Ms. Zarin Daruwala said that now, due to rise in technology, the number of bank branches and ATMs have reduced. She further revealed that as per the Standard Chartered experience, the millennials do not want to deal with a bank branch at all. At the same time, there is a growing number of affluent people who do want to meet the Relationship Manager in a bank branch. Then, there is a segment that only wants to use the traditional banking services.

Ms. Daruwala was of the opinion that, even as we go digital, there is a need to have a human face to banking and a personalised offering.

The panel moderator, Mr. Tripathi agreed that Customer Connect and Emotional Connect are not there anymore. While Europe wants only digital banking, in India, 80 percent people said that we want both traditional and digital banking, he said, with the situation in neighbouring China being similar.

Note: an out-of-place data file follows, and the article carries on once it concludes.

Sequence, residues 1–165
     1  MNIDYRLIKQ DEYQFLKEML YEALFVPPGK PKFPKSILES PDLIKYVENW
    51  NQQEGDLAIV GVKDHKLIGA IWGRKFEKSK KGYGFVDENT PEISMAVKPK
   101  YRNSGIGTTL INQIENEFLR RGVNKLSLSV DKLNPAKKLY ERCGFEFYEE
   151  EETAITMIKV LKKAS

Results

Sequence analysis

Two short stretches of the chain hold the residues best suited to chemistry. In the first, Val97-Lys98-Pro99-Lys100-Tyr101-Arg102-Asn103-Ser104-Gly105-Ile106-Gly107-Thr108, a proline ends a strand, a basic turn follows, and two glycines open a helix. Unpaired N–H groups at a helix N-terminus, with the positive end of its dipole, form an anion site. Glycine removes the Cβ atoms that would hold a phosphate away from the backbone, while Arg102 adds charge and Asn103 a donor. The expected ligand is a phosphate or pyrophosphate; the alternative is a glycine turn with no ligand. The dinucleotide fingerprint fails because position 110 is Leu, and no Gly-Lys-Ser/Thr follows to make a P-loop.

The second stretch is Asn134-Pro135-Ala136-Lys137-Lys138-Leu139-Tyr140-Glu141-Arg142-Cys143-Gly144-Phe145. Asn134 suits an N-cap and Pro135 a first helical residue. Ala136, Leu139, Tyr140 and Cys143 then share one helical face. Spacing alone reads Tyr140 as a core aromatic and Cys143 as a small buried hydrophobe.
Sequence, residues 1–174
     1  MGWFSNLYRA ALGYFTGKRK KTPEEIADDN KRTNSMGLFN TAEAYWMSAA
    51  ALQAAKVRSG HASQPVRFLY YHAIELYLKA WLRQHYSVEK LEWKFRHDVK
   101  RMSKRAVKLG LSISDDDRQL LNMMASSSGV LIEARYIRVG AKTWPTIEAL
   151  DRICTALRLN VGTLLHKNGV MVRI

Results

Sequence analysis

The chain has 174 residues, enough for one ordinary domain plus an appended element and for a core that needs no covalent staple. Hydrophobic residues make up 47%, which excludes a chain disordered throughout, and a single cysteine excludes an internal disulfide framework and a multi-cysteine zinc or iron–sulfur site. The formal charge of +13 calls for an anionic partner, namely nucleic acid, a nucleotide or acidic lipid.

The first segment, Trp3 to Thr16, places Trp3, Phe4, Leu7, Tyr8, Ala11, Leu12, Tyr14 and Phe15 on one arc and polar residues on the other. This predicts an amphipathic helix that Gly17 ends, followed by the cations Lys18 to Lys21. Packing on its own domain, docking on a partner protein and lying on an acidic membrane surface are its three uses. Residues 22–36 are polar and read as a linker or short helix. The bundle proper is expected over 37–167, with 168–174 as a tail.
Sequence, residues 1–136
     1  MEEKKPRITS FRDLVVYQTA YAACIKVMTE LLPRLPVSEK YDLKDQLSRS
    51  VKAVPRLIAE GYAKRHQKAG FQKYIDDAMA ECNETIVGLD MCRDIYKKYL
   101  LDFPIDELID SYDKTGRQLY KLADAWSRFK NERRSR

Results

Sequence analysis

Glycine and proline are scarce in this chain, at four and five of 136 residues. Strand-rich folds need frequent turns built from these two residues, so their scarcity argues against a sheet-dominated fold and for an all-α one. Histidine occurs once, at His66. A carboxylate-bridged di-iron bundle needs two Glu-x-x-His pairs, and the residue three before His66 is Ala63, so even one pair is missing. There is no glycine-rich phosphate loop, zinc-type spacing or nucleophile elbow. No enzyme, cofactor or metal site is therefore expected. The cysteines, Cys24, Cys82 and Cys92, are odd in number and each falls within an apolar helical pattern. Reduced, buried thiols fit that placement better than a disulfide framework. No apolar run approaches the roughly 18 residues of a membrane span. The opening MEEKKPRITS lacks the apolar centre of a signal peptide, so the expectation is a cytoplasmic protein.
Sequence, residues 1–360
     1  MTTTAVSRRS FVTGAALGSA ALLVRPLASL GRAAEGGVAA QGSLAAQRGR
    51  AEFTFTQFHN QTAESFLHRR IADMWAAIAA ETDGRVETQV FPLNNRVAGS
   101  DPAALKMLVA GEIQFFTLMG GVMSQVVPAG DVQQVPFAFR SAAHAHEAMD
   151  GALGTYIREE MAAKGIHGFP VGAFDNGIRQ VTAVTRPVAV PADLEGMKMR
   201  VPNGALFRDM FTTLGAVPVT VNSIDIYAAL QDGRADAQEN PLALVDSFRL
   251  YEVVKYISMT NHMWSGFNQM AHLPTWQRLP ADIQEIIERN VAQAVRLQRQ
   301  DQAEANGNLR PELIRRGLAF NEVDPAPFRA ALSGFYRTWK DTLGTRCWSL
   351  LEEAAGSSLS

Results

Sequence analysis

Mr. Seshadri said that in future, the only reason the customer would come to a bank branch is to operate the safe deposit vault. As a result, the nature of bank branches will change. In fact, the change in rural India is much faster than in urban areas, he said, giving the example of Karur.

Panellists agreed with Mr. Tripathi that there is a disengagement of customers, as it doesn’t matter anymore which bank you have an account with.

Mr. Sanjib Subba was of the view that let the customer decide what product they want to use, depending on his or her life cycle and lifestyle. While professional qualifications are all there, what a banker needs are personal qualifications – that is values, ethics and integrity, he said.

All panellists agreed that Employee Focus is the need of the hour. The next being Cyber Security. Technology integration has to be seamless. Tech has to be used for predictive analysis. Mr Tripathi thanked all the panellists for a healthy debate.